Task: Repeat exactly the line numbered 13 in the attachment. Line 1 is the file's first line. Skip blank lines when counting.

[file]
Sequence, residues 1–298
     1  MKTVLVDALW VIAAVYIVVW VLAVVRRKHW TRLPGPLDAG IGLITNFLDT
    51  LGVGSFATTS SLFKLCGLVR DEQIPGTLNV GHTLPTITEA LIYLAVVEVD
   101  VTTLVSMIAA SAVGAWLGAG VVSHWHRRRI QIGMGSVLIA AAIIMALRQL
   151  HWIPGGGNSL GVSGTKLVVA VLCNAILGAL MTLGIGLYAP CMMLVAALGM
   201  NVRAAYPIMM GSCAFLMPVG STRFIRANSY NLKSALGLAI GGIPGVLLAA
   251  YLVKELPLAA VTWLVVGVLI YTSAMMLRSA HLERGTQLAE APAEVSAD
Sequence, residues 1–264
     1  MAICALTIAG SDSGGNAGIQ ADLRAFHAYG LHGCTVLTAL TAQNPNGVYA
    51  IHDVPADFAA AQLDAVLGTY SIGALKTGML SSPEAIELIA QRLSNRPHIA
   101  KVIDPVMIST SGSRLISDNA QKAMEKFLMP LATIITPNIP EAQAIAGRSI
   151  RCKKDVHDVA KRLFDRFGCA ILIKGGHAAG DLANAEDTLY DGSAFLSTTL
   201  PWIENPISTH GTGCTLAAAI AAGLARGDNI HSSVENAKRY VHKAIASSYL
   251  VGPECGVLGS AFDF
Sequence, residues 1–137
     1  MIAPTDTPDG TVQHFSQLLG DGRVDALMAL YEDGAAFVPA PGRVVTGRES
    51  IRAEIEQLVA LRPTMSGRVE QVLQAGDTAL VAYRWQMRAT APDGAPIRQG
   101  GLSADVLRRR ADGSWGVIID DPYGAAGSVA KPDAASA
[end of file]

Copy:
   201  PWIENPISTH GTGCTLAAAI AAGLARGDNI HSSVENAKRY VHKAIASSYL